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European Senior individual championships about to start

For more information about chess for over-50s, please see our Seniors calendar and our Seniors introduction page.


Play begins tomorrow in the European Senior Individual Championships, at Lublin, Poland, birthplace of Johannes Zukertort, one of the greatest masters of the 19th century.

Lists of entries are now available online at the chess-results website where pairings and results can be found once the event is under way. Top seed in the 50+ is GM Martin Mrva of SLovakia and top seed in the 65+ is IM Henryk Dobosz of Poland. There are several English competitors in the 65+ but few western European players in the "junior" Seniors.

Poland was unable to host this event in both 2020 and 2021, because of the Covid pandemic, but at last they are able to run it. Poland also had to give up its right to hold the European Senior Team Championships in 2020, 2021 and 2022 but they have the right to stage that event in 2023.

As yet no venue or actual date has been announced but perhaps that will happen during the tournament in Lublin.

There is a big chess boom in Poland at present because of the success of some of its players, especially Duda who won the last FIDE World Cup.

English teams were successful in the World Senior Team Championships 50+ and 65+ which ended last week in at Acqui Terme in Piedmont, north-west Italy. You can now find our reports about this event on a separate page.

The tournament organisers arcoworldchess will also run the world senior individual championships at Assisi in November and they recently published the regulations and official invitation for those tournaments. You can download them from our calendar page.

Reduced price entry fees for the European Senior Team Championships end on 15 July after which it will cost a bit more to enter. This tournament which will be played in Dresden, Germany, starting in late October. Again, see our calendar for details.

Players aged 75 and older might like to consider the 7th Baden-Württemberg Open Senior Championships which starts later this week (8-15 July), because they are offering prizes for the top player or players from that age group competing in the 65+ section.

The 29th Brandenburg Open Seniors at Miedzyzdroje in Poland (18-26 June) is organised by Germans and held annually in what used to be part of East Prussia. The venue is a resort town (Misdroy in English) on the Baltic island of Wolin. The winner in the field of 76 players was FM Bernd Baum with 7.5/9 ahead of IM Jan Rooze (Belgium) who scored 7/9.

The 27th Bad Bertricher Chess Days senior tournament was played during June in Germany. The winner was IM Dieter Pirrot who scored 8/9, a full point ahead of the runners-up, Prof. Dr. Friedbert Prüfer and Dr. Wolfgang Polster.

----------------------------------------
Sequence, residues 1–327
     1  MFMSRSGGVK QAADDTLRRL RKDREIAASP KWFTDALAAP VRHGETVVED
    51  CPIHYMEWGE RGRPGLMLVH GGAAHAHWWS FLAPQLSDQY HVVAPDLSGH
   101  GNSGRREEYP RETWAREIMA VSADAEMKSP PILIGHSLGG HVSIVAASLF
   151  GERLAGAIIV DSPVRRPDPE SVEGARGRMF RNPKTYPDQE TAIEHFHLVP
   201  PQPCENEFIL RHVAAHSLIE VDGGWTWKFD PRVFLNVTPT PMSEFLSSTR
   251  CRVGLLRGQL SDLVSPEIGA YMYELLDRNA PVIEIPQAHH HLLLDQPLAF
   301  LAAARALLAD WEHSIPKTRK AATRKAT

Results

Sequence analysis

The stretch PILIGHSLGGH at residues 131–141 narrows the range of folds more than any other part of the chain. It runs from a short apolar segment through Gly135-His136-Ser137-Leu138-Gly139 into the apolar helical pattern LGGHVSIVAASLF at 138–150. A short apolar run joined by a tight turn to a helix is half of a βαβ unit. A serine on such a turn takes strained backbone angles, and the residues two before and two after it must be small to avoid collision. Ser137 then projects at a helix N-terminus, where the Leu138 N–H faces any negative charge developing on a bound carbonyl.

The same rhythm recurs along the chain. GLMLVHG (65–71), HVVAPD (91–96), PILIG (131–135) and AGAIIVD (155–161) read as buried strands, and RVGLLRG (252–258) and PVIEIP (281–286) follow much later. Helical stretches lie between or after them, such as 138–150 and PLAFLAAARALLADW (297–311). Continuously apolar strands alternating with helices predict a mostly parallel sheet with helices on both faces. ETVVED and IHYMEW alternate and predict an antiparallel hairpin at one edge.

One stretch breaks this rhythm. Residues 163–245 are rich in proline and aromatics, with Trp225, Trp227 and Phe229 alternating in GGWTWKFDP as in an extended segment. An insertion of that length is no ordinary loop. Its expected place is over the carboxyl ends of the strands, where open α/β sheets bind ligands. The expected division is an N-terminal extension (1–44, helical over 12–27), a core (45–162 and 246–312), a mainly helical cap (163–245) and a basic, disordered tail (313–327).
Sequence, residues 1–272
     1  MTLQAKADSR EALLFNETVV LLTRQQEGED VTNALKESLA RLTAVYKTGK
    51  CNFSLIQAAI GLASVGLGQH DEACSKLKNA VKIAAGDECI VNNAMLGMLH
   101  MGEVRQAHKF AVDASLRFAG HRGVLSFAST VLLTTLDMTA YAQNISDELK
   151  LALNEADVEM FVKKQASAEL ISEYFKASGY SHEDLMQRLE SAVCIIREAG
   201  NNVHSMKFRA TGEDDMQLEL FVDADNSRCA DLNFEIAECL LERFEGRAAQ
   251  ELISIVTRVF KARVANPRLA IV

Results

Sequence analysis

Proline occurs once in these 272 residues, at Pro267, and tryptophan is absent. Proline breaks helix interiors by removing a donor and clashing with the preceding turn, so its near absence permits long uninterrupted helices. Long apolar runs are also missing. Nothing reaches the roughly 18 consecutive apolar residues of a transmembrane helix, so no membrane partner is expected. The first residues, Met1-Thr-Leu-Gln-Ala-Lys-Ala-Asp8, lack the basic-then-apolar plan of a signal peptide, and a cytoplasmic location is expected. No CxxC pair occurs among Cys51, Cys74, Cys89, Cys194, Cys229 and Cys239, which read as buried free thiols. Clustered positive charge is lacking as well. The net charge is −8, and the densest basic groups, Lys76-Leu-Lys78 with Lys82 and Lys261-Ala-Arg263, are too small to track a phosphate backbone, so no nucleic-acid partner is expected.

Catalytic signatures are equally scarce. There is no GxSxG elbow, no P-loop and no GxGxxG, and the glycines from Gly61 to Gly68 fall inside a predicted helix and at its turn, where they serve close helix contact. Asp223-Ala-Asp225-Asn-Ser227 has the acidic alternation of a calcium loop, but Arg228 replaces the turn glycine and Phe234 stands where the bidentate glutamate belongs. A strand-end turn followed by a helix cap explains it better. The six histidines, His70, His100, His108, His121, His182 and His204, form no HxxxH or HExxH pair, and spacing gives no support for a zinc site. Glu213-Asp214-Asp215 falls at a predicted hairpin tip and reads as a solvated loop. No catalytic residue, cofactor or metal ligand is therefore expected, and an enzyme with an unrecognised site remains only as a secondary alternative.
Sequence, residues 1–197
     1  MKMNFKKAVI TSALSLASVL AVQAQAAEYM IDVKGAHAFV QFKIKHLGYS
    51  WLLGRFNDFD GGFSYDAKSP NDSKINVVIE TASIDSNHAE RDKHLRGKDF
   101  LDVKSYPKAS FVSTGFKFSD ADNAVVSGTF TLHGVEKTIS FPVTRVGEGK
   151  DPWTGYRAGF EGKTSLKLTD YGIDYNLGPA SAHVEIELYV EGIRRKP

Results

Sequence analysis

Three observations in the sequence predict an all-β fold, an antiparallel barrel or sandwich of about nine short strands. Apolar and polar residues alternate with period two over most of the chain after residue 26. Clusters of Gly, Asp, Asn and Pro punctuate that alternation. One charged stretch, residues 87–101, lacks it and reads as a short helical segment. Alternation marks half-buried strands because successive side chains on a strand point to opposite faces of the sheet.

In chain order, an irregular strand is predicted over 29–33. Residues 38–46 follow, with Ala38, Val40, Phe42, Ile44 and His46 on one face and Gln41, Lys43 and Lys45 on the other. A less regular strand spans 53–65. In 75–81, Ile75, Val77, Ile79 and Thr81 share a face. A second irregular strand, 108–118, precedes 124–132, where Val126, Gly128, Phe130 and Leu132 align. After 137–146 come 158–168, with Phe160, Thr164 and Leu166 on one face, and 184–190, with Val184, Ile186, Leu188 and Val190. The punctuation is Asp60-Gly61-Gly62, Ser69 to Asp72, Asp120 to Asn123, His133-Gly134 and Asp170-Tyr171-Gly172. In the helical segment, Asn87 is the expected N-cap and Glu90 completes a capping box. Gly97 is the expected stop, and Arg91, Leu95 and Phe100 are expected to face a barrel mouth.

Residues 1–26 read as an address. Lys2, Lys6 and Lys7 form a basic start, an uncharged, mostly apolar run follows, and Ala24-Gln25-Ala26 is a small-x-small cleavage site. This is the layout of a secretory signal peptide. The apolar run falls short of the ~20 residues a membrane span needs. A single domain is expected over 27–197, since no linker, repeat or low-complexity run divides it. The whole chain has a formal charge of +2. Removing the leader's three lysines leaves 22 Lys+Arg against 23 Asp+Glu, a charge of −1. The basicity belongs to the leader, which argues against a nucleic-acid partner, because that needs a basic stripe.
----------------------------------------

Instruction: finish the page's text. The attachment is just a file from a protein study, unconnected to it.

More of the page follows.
Two Senior tournaments in Europe were played in late May. The 32nd Bavarian Senior Open at Bergen-Chiemgau (a 60+ tournament) ended in a 3-way tie. Frank Röhde, Horst Prüsse and Dr. Wolfgang Polster all scored 7/9.

In the same week (22-28 May), the Bregenz Senior tournament, played alongside the Bodensee International Open in Austria, was won by Polish IM Henryk Dobosz whose 6.5/7 was a full point ahead of the runners-up.

Professionals dominated the 50+ English Seniors Championship, played in Warwickshire, which ended on 8 May. 64-year-old GM Mark Hebden comfortably won on 6.5/7, conceding only one draw to GM Keith Arkell who finished on 6. Three players tied for third on four and a half points. Hebden went on to win the English Championship (for players of all ages), a fantastic double triumph for him.

The 65+ English Senior Championship was much closer and resulted in a three-way tie between Cliff Chandler, IM Paul Littlewood (a former British Champion) and Ian Snape, all on 5.5 points. The total entry for the two sections was 54 players although a few did not stay the course.

Dates for the British Senior Championships can also be found in our calendar; the two age groups will be played in successive weeks for the first time. Unlike the English Seniors (only for players with an ENG registration), the British events are also open to players from Ireland (north and south), Scotland, Wales, the Channel Islands and Isle of Man, and even to genuine long-term British residents who are not nationals.

To make room for new announcements, news of past events which have been on this page for some time are now removed.

This year the Amateur Chess Organisation (ACO) plans to expand its activities for senior players. ACO is a German-based commercial company. Note that their tournaments are NOT rated by FIDE although they use FIDE (or national) ratings to determine which tournament entrants compete in. The "titles" they award are not recognised by anyone except themselves. ACO events are essentially a holiday but they are popular with regular visitors.

ACO recently ran its inaugural 65+ "Super Senior" tournament and their usual 50+ Seniors will follow later in the year. They also plan a fairly informal senior team tournament. Regulations for those events can be found on our calendar page.

FIDE need to recognise that they are in competition with ACO for the large minority (or is it small majority?) of senior players who want a good holiday and not just a chess tournament. The team championships in Dresden directly clash with an ACO event.


The death was announced during August 2021 of the 2017 Senior World Champion, GM Evgeny Sveshnikov. You can find our obituary notice on a separate page.


If you have Seniors chess news you would like posted here, or announcements of future events, please email Tim Harding.


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